Richard Tipper has been valeting cars of all shapes and sizes since 1989, and can spend up to a week detailing every inch of a car. He has gone through more cleaning accessories and products than you’ll find on the shelves of an automotive superstore. These are Tipper’s Tips for the Hagerty community.
When I asked what car-cleaning questions you were keen to have answered, the responses were wide and varied – but as ever, I’d encourage you to keep them coming. Do feel free to post more in the comments section below, as I will share them complete with my advice, here. In the meantime this week’s questions include a couple on paintwork, from factory quality to cleaning a car with paint protection film, plus one that may be handy to those of you with older classics and plenty of vinyl interior trim.
Adam Prestwich asks: How much variation in paint quality do you see from manufacturers?
Paint technology over the years, which is governed by legislation, means that certain products have to be used for environmental reasons, and old techniques are no longer permissible. So the paint finish that you might see on 20-year old cars could well be a lot better than modern paint finish in some circumstances.
One of the negative things I hear from a small portion of the car community about modern paint is the level of orange peel in the finish. It isn’t a result of poor quality, more a symptom of modern, solvent-based clear coats, which cure through evaporation and create that rippled effect. And it’s a hugely labour-intensive job to flatten these surfaces for a glass-like finish – Rolls-Royce, which makes a point of glass-like paintwork, spends a considerable time achieving the perfect visual finish on each car it builds, whereas a manufacturer of mass-produced cars can’t do that. So it’s not necessarily the paint that’s variable, but the clear coat and final finishing.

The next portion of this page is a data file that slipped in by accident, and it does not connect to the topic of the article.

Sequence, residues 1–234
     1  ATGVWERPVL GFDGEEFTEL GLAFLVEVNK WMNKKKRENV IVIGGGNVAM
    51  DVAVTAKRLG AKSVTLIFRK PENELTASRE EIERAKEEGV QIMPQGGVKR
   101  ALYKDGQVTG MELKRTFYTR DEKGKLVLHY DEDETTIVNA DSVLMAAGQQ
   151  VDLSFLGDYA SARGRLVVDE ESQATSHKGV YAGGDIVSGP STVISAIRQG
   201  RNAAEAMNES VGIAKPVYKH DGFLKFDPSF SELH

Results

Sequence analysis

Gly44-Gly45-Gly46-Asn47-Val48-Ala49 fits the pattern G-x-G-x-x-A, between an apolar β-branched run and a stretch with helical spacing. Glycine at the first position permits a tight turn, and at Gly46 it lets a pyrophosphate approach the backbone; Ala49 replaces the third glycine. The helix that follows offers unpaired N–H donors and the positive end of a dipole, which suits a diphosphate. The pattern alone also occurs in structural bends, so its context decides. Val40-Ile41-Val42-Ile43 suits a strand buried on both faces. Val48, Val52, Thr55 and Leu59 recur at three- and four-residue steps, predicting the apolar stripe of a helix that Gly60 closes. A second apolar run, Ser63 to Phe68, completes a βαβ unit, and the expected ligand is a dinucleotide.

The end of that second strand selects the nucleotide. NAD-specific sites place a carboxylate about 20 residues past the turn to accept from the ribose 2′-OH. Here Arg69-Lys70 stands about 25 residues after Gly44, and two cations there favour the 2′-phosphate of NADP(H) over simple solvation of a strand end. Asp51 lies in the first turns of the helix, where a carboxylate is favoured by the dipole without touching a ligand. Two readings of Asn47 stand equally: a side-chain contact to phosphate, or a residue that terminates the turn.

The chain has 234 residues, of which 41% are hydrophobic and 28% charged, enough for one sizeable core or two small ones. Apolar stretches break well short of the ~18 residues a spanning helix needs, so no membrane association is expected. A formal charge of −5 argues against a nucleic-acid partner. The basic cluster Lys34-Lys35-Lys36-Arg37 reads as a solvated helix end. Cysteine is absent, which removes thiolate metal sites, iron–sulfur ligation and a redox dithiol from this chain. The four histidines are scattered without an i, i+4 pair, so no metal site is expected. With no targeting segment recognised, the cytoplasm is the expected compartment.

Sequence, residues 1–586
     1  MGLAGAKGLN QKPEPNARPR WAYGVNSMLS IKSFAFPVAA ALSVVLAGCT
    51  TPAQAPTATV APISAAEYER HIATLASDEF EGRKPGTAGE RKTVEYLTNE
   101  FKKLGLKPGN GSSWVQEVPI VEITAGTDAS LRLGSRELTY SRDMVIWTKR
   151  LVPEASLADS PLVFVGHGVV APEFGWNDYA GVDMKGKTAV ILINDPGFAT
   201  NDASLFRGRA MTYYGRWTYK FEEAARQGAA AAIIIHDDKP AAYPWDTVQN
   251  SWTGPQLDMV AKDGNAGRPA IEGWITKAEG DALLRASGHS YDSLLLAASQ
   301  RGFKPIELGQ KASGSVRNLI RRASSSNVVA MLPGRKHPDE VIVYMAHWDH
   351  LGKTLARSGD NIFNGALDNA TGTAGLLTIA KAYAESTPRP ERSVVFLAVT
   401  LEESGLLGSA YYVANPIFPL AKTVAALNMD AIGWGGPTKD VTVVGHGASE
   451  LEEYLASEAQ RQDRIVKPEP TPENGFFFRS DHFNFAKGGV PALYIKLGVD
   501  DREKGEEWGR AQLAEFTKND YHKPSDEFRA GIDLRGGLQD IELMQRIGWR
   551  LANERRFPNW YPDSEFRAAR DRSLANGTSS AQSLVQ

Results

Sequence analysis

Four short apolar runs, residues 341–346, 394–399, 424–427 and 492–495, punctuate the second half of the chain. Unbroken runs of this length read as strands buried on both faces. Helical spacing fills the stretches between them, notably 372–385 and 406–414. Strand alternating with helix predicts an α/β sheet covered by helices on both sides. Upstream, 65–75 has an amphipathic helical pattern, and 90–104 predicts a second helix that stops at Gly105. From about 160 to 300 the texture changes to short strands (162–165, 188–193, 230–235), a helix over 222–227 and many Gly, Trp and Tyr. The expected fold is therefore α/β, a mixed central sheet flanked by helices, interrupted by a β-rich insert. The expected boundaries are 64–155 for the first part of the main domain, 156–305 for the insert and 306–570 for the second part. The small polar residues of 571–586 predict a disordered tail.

Nigel Parry asks: What would you use to care for vinyl dashboards? Mine seems to be dried out and easy to damage.
Vinyl is a tricky one only because dashboards are designed not to be shiny, and most cleaning products are designed to put shine on stuff! They have gloss enhancers and silicones and all sorts. For example, plastic rubber renovators from companies like Gtechniq and Autoglym can work, but they contain silicones, so there’s a risk of making your dash glossy and reflective (and you want to avoid steering wheels, gearknobs and pedals altogether, to prevent them becoming slippery).
The most effective, natural way of cleaning plastic and vinyl is a damp and warm microfibre cloth, perhaps with some fabric cleaner on it as a degreaser. For sun-bleached, discoloured and porous vinyl surfaces though, a plastic and rubber renovator is really the only way.
Stephen Doran asks: Paint protection film (PPF) is becoming more common – how should you look after cars that have partial or full PPF? What are the differences, if any, in regular washing and when doing a more through detail? Can you gently polish them to remove contamination and do you add final stage products such as sealants or waxes over PPF?
I’ll work backwards with this one… Yes, you can use protective products over PPF purely for the water beading effect, and nano coatings are quite commonly applied after PPF application.
Can you polish PPF? Yes, you can. As I’ve mentioned previously, PPF is resilient but not invincible, and ideally you’ll want to wash the car fairly quickly after dead flies or bird droppings, which can stain it. But most modern PPF applications are self-healing, and the way to do this is usually heat – leaving it out on a bright, sunny day, or using a hairdryer.
PPF is also resilient to most cleaning methods – just be careful not to force water around the edges or corners where it could potentially lift the film, and likewise around stone chips that might have penetrated the PPF. But you don’t need to be overly cautious or fearful of cleaning a car with PPF.
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